Court grants SIS stay against execution of Selangor ‘anti-liberal’ fatwa

SIS executive director Rozana Isa speaks to reporters at the Kuala Lumpur Court Complex January 23, 2020. — Picture by Yusof Mat Isa
SIS executive director Rozana Isa speaks to reporters at the Kuala Lumpur Court Complex January 23, 2020. — Picture by Yusof Mat Isa

KUALA LUMPUR, Jan 23 — The High Court here has granted Muslim women’s group Sisters in Islam’s (SIS) application to stay the execution of the enforcement of a fatwa against it, pending its appeal.

Judge Datuk Nordin Hassan said he does not have jurisdiction over the fatwa or religious edict at the main proceeding, but admitted that the previous decision can still be overturned in the Court of Appeal (CoA).

Justice Nordin also conceded the special circumstance in this case, as disobeying a fatwa is a Shariah offence in Selangor with serious complications.

“We applied for a stay of fatwa that was subject to judicial review pending our appeal in the Court of Appeal,” SIS’ lawyer Surendra Ananth told reporters here.

“The respondents, all of them objected, but the High Court allowed our stay which means the implementation of fatwa will be suspended pending the outcome of our appeal and whether it will be disposed of in the CoA.”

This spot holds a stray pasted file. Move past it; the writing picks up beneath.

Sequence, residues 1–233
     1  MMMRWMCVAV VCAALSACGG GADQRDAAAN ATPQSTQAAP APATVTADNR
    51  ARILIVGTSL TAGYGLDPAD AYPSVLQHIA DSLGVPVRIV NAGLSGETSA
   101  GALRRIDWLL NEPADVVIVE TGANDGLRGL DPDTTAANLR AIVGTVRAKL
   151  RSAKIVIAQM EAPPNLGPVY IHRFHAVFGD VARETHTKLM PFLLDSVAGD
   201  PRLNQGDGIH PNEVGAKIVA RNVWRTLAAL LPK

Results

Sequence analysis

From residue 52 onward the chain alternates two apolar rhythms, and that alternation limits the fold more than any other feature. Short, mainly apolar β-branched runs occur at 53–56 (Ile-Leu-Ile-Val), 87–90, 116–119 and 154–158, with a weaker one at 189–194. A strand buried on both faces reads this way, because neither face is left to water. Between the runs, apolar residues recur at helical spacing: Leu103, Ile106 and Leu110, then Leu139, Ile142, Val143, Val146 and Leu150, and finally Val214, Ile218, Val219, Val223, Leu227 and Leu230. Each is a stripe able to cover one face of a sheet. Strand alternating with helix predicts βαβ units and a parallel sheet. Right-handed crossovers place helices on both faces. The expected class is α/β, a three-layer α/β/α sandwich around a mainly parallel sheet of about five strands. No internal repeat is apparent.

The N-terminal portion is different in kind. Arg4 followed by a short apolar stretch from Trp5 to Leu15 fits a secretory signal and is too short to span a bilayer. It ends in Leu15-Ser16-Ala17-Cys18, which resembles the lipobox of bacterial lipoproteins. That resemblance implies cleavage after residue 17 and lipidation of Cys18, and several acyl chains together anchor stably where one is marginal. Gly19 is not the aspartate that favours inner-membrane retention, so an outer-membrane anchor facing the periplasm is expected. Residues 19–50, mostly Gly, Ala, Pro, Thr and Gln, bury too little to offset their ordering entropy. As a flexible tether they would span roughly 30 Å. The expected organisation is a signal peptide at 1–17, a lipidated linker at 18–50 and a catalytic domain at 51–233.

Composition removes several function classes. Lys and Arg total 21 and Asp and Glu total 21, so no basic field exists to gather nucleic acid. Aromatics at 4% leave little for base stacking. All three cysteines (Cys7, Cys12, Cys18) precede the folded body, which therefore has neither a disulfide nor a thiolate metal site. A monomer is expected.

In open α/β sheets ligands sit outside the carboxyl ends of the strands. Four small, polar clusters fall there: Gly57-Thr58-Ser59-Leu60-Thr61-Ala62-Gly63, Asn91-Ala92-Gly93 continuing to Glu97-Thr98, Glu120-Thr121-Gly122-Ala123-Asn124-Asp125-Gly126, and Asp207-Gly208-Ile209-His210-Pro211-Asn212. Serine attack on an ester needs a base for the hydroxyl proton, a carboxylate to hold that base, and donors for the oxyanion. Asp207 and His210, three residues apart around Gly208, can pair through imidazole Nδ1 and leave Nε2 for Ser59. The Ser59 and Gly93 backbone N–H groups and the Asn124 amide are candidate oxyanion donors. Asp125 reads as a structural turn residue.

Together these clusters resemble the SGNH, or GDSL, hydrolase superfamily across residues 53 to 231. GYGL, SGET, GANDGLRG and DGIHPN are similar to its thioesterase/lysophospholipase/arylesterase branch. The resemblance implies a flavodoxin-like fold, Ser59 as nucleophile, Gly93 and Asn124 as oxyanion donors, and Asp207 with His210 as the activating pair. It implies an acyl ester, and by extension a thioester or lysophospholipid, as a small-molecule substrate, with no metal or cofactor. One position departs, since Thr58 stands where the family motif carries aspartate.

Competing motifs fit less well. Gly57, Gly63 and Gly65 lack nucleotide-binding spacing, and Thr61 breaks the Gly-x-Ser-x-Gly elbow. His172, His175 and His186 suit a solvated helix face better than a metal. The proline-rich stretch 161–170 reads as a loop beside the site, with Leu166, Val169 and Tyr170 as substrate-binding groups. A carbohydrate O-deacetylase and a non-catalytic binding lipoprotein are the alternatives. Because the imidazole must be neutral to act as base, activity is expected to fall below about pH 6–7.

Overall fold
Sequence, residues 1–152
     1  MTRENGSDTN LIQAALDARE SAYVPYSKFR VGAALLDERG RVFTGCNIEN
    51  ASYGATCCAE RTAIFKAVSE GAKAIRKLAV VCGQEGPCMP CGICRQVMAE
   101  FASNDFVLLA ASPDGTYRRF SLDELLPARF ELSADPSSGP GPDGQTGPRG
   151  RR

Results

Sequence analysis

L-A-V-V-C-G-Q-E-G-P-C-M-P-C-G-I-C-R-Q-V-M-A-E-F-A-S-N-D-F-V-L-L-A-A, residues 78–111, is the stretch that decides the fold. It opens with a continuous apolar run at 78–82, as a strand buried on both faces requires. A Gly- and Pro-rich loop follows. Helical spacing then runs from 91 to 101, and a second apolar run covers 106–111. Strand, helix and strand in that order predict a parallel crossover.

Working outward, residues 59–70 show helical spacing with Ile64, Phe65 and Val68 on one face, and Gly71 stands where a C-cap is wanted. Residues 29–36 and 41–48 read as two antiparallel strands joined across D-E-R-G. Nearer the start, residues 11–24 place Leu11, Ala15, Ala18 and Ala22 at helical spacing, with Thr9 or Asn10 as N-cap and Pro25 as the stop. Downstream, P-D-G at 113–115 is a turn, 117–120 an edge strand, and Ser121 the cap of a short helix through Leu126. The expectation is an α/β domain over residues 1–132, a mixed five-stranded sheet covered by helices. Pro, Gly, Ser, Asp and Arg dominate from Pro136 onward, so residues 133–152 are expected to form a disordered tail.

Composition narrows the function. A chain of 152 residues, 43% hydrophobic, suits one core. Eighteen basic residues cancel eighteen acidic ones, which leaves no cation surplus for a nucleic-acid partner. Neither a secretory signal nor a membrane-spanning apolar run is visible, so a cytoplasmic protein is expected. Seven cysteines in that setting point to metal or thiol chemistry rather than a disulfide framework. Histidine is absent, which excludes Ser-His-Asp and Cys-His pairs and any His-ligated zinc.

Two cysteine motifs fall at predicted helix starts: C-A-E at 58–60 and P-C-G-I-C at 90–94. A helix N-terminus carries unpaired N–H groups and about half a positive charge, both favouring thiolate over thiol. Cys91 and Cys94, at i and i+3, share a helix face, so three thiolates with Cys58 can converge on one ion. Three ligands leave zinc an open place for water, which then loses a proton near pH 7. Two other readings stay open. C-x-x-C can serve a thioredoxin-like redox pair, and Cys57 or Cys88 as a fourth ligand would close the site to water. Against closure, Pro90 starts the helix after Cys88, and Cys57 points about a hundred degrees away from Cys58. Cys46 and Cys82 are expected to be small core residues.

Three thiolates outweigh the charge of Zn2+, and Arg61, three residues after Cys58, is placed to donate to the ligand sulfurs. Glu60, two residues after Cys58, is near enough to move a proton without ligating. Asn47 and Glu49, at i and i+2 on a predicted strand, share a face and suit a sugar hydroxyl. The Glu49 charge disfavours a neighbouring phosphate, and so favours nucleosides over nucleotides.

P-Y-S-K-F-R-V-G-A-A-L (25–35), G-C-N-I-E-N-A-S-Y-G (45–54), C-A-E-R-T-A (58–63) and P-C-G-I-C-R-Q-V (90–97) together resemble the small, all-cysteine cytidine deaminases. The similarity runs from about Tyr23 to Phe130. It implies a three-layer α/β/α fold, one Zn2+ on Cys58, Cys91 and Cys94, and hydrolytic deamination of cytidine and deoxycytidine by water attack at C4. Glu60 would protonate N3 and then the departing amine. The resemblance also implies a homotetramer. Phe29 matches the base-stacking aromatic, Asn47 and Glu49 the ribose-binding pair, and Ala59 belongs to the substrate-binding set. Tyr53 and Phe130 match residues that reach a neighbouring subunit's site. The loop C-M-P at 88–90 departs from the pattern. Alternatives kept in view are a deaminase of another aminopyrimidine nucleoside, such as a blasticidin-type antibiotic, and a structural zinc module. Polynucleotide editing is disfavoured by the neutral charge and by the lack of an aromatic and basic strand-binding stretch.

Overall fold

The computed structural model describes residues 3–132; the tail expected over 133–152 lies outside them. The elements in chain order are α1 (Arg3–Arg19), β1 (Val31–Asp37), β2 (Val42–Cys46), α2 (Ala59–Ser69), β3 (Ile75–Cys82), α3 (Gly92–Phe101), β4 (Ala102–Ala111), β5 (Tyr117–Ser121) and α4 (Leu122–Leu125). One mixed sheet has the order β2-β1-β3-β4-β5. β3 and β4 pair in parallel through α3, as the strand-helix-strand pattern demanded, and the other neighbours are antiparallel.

Nordin had in August last year ruled that civil courts have no jurisdiction to hear the challenge against the fatwa, declaring that the matter should instead be pursued via the Shariah courts.

Nordin also ruled that Selangor authorities had complied with the procedures in issuing the 2014 fatwa, also ruling that the fatwa was within constitutional limits.

SIS’ lawyers had previously argued that the fatwa cannot be applied on the company, as it does not fall within the category of “persons professing the religion of Islam” and that the state governments’ powers to make religious laws do not extend to companies.

SIS executive director Rozana Isa said she is extremely happy with the High Court’s decision today.

“I’m very happy with this decision as it means work continues in terms of fighting Muslim women and children’s rights and not worry what’s going to happen every day when we enter office,” said Rozana when met outside the court room.

“Meantime I’m looking forward to the trial and I hope we get our day in court and justice will prevail.”

Surendra said the application for the appeal was lodged in September last year, but the appellate court has yet to set a hearing date.

“Depending on the outcome, if we win the appeal, then the fatwa will be quashed. Assuming we lose, this stay will then have no effect and we’ll need the CoA to extend this stay pending proceedings in Federal Court,” he added.

On October 31, 2014, SIS filed for a judicial review of a gazetted fatwa in Selangor that declared the group as “deviants” in Islam due to its alleged religious liberalism and pluralism.

The fatwa gazetted on July 31, 2014 also deemed any publications with elements of liberalism and religious pluralism as haram, or forbidden to Muslims, and can be seized by religious authorities.

It further sought for local internet regulator the Malaysian Communications and Multimedia Commission to monitor and block social media websites with content that is against Islam.

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